75% Capital Gains Tax: Is This in Canada’s Future?

All candidates of various political parties have tax-related promises, although it remains to be seen if the proposals will benefit the greater majority. Meanwhile, Bank of Montreal stock and Imperial Oil stock are ideal holdings in tax-advantaged investment accounts.

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The snap federal election is a few weeks away, and tax is again a major campaign issue to win votes. Candidates and their political parties are proposing several changes to the current tax schemes. The New Democratic Party (NDP), in particular, pledges to increase the capital gains rate to 75%.

NDP’s proto-platform calls for levying higher taxes on the ultra-rich and large corporations. The proposal includes raising the top marginal rate to 35% for Canadians earning more than $216,511 this year. A higher luxury goods tax is also on the table.

Prime Minister and Liberal Justin Trudeau, Conservative Erin O’Toole, NDP’s Jagmeet Singh, Green Party’s Annamie Paul, and Yves-Francois Blanchet from Bloc Québécois are vying for the PM post. Their lists of promises are long. Taxes, including a higher capital gains tax, could be in Canada’s future.

On the investment front, the TSX continues to impress investors. Canadians can hold their investments in a Tax-Free Savings Accounts (TFSAs) or Registered Retirement Savings Plan (RRSP) for tax-savings or tax-shelter purposes. But for lasting income streams, Bank of Montreal (TSX:BMO)(NYSE:BMO) and Imperial Oil (TSX:IMO)(NYSE:IMO) are the logical candidates.

Hands-down choice

Believe it or not, but Canada’s oldest bank hasn’t missed a dividend payment since 1829. BMO is the “King of Dividends” with its 192 years dividend track record. By 2029, the unbeatable feat will be two centuries. The country’s fourth-largest bank started the practice of sharing a portion of profits with shareholders.

Investors describe BMO as the most investor-friendly stock on the TSX. The blue-chip asset’s total return in the last 48.77 years is 27,417.48% (12.21% CAGR). Today, it trades at $128.50 per share and pays a 3.30% dividend. BMO also outperforms the TSX, thus far, 2021 (+36.6% versus +19.35).

Assuming you own $75,500 worth of BMO shares in your TFSA, your quarterly tax-free income would be $622.88. Once you buy the bank stock, you can hold it for life. Income streams will flow like guaranteed pensions. The $83.28 billion bank has been through the worst periods in history, yet it still stands tall in the 21st century.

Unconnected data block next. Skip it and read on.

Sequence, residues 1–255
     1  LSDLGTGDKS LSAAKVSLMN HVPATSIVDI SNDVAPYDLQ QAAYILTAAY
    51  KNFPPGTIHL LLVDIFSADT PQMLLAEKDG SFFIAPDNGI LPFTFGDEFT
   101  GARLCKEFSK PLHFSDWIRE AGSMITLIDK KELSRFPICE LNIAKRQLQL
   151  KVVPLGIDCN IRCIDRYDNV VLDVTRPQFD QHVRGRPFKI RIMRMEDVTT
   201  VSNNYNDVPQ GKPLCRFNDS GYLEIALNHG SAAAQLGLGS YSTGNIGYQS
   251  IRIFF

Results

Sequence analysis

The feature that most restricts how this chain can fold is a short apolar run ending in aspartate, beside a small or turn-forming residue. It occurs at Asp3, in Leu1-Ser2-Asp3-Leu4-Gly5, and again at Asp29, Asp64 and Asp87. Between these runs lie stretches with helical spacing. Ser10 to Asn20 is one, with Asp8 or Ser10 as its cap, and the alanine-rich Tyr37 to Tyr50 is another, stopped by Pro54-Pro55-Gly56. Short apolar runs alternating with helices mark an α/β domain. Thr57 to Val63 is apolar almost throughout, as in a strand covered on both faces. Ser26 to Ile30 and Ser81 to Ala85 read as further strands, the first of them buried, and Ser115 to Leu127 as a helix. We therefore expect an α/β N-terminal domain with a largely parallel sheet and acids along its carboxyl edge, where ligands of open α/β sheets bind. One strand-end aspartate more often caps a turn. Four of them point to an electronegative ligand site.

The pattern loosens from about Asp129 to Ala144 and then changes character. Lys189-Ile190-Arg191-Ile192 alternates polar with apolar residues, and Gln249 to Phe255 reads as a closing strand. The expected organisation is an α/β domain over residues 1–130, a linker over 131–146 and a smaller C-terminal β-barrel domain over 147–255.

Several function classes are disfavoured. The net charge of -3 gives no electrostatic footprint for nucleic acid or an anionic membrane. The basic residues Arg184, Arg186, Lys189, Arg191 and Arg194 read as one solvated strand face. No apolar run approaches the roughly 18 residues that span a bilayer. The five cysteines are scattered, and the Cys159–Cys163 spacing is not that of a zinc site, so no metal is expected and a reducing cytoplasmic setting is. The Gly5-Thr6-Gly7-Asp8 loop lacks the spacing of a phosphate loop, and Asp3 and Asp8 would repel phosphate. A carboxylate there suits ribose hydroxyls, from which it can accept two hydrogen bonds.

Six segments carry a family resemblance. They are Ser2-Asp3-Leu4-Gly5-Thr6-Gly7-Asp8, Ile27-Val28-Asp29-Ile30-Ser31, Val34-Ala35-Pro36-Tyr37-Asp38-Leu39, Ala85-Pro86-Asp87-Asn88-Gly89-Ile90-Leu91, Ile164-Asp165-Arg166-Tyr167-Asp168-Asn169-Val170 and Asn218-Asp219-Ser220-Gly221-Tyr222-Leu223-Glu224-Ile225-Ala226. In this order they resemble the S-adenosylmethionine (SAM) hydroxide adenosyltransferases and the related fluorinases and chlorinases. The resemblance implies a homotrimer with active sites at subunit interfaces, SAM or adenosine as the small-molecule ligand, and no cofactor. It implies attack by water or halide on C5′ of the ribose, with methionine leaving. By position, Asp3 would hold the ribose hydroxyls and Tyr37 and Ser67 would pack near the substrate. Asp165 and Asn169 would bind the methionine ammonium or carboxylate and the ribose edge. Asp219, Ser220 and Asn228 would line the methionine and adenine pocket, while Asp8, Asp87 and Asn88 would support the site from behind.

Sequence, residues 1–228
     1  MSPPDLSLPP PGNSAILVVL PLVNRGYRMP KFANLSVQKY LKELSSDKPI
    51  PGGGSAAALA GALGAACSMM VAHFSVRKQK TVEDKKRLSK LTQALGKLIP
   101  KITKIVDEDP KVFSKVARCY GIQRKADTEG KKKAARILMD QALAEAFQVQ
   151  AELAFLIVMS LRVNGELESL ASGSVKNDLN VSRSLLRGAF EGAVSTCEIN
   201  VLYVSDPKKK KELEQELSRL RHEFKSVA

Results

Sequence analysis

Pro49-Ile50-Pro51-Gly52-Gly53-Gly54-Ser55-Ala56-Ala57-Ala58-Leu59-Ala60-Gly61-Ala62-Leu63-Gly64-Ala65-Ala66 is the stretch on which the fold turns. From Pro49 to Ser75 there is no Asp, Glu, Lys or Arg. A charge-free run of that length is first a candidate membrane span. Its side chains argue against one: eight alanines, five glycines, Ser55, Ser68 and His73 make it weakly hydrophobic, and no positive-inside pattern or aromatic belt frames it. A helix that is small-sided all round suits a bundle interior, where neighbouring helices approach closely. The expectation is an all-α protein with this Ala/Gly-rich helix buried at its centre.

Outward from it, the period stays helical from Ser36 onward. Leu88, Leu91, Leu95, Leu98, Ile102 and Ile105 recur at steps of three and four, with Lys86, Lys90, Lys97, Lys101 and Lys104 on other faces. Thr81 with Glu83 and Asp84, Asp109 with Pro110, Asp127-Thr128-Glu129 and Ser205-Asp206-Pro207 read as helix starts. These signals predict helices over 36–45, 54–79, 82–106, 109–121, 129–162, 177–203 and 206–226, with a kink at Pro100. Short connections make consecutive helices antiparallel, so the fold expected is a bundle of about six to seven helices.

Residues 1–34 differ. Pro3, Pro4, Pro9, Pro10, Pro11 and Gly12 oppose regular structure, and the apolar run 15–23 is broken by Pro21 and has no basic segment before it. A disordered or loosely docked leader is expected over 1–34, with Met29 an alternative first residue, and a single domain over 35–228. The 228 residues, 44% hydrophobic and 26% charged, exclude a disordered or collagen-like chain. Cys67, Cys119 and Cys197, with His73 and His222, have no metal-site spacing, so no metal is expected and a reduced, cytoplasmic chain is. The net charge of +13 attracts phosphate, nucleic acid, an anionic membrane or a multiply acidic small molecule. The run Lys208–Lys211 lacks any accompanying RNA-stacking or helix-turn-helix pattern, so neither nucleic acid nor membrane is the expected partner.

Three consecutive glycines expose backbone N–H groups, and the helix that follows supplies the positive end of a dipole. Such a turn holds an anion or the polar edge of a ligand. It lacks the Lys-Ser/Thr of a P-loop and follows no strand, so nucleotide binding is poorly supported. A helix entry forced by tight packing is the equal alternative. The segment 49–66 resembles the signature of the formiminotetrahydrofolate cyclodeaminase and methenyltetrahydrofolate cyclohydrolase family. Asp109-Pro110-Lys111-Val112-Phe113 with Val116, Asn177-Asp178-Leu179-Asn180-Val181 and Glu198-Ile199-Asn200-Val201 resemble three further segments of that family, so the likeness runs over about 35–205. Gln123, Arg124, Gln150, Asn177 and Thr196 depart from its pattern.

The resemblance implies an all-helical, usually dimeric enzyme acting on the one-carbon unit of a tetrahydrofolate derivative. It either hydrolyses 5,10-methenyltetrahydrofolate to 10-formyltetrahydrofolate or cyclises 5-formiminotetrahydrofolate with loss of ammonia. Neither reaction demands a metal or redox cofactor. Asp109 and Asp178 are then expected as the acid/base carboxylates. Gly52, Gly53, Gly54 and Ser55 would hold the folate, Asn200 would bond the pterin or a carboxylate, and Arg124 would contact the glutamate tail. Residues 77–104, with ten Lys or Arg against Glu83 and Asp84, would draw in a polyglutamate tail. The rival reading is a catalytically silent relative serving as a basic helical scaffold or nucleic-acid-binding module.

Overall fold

Dividend prince

Imperial Oil’s dividend track record is equally impressive. The energy stock may not be the highest dividend payer (2.86%), but the payouts are safe. It’s been paying dividends for more than 140 years and increased the payment for 25 consecutive years. As of September 7, 2021, the share price is $33.97 — a year-to-date gain of 43.82%.

The $23.93 billion company hails from Calgary and is Canada’s second-largest integrated oil major today. Imperial Oil also manufactures and sells about 25% of the country’s daily consumption of petroleum products. America’s oil giant ExxonMobil has a 69.6% ownership stake in the Canadian petroleum refiner.

Retail brands like Esso and Mobil are integral parts of Imperial Oil’s industrial and wholesale business segments. The latest buzz is that the company will soon construct a world-class renewable diesel complex at its Strathcona refinery near Edmonton, Alberta. According to its chairman, president, and CEO Brad Corson, the facility will be a significant value-generating, forward-looking project.

New taxes should benefit the majority

The candidates in the coming elections made several tax-related promises before Canadian voters. Let’s keep our fingers crossed that whoever wins, the new tax measures and programs will benefit the greater majority.

This article represents the opinion of the writer, who may disagree with the “official” recommendation position of a Motley Fool premium service or advisor. We’re Motley! Questioning an investing thesis — even one of our own — helps us all think critically about investing and make decisions that help us become smarter, happier, and richer, so we sometimes publish articles that may not be in line with recommendations, rankings or other content.

Fool contributor Christopher Liew has no position in any of the stocks mentioned. The Motley Fool has no position in any of the stocks mentioned.

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